CPA Linda (Leggett) Smith ’86 (far left) has never spent a day in a corporate accounting office. Instead, her 9-to-5 time unfolds in church basements, orphanages and catering kitchens, balancing the books of nonprofits, small businesses and individuals. She and Maureen (Igo) Sullivan ’85 run a nine-person, all-female accounting firm in Westborough, Mass.
Smith launched the venture in 1993, upon leaving a small CPA practice whose owner was retiring. She ran a solo office in Framingham for four years before hiring her first employee.
Sullivan joined the firm in 2001, after years of moving between public and private practice to accommodate her growing family. Though the pair hadn’t known each other on campus, both had commuted to day classes and worked part time at night.
“When I saw her résumé and that she went to Bentley, I didn’t interview anybody else. I said, ‘I’m hiring that person!’” remembers Smith, laughing.
Smith manages the nonprofit side of the business, which supports about 150 local charities, from special needs schools to Pop Warner organizations to theater companies. Sullivan runs the small business and tax part of the practice, serving nearly 70 family-owned companies and 300 individuals.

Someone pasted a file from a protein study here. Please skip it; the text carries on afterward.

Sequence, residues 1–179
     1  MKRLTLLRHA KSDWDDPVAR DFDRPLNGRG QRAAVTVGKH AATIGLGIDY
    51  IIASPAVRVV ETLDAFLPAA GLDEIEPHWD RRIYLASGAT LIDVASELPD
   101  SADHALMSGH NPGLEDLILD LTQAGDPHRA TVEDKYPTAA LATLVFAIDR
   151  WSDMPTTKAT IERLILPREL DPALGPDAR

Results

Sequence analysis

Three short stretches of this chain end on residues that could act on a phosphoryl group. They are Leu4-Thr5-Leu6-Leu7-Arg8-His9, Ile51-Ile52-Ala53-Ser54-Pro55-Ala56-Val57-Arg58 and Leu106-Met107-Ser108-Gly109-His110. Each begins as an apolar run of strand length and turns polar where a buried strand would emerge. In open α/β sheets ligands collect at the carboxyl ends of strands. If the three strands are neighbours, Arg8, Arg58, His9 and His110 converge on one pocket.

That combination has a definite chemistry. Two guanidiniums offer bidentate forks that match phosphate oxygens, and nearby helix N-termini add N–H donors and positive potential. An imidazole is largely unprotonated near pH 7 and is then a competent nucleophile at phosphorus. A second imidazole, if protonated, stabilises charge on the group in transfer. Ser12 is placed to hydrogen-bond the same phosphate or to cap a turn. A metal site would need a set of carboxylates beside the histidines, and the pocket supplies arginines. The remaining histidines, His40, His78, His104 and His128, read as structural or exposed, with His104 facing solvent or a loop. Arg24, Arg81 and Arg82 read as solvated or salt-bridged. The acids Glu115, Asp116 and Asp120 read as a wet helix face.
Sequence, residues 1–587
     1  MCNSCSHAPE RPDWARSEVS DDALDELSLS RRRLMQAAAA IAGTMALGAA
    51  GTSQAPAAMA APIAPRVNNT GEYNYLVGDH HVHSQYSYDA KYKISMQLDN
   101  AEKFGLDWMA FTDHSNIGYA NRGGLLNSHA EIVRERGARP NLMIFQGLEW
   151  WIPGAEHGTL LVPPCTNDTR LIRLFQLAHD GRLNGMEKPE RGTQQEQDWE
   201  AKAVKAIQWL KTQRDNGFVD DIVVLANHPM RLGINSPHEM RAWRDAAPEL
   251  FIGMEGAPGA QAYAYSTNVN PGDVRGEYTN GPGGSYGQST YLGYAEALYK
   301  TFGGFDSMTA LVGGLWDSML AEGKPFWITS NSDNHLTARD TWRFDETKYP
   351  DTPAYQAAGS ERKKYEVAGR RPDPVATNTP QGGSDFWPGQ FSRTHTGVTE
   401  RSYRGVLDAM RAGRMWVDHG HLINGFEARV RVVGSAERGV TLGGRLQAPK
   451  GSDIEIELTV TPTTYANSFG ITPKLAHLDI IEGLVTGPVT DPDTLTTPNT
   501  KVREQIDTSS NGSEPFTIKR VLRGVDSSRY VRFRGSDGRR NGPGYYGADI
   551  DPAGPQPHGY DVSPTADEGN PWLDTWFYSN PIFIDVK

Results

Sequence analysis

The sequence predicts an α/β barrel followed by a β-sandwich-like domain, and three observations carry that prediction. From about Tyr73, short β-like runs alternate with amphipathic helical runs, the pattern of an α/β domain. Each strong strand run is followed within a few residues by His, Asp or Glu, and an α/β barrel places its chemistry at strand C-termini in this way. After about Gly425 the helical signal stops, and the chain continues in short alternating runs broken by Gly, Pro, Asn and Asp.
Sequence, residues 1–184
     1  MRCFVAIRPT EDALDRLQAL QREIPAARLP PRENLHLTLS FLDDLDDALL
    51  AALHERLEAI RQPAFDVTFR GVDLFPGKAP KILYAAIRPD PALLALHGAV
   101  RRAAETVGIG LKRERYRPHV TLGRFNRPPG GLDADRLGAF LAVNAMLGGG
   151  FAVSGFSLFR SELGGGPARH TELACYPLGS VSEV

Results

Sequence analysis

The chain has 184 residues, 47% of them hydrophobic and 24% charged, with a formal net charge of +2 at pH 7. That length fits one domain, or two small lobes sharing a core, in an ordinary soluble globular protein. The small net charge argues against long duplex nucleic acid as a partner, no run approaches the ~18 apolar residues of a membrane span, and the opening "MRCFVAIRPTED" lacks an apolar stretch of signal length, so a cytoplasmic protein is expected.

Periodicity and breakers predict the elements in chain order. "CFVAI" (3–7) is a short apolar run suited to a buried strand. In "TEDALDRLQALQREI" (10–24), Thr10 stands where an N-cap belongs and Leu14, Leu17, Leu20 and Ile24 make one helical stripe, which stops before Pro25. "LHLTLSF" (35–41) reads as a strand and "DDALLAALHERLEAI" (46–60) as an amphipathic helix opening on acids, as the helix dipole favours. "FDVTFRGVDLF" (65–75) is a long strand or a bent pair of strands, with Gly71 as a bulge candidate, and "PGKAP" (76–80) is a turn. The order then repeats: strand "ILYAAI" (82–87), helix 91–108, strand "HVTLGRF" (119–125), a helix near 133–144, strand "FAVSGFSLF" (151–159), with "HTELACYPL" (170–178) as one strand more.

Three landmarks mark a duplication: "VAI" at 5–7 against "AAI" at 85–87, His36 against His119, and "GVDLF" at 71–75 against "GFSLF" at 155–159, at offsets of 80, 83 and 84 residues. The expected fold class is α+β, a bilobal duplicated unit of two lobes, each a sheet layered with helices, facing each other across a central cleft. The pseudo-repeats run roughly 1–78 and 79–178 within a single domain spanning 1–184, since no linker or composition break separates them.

The work is highly professional, but with a personal touch. For example, Smith Sullivan accountants often train clients one-on-one in software such as QuickBooks to help improve their operations. The grassroots style permits precious flexibility for employees.
“We’ve got a lot of working moms who want to stay professionally connected and be well paid, but don’t want to commit to nighttime activities,” says Smith. “We promise no weekends, no overtime. They can get their kids off the school bus. You can’t get that at a bigger firm.”
Adds Sullivan: “Our clients definitely appreciate that we’re more relaxed and casual than a corporate accounting firm.”
The appreciation emanates from the top. Smith and Sullivan closed the books on the current tax season by treating staff members to a day of shopping, dining and spa treatments.
“Every once in a while the big guys across the street ask, ‘Are you ready to sell out?’ and we’re not,” says Smith. “I can’t tell you the last time I wore a suit. I gave them all to charity.”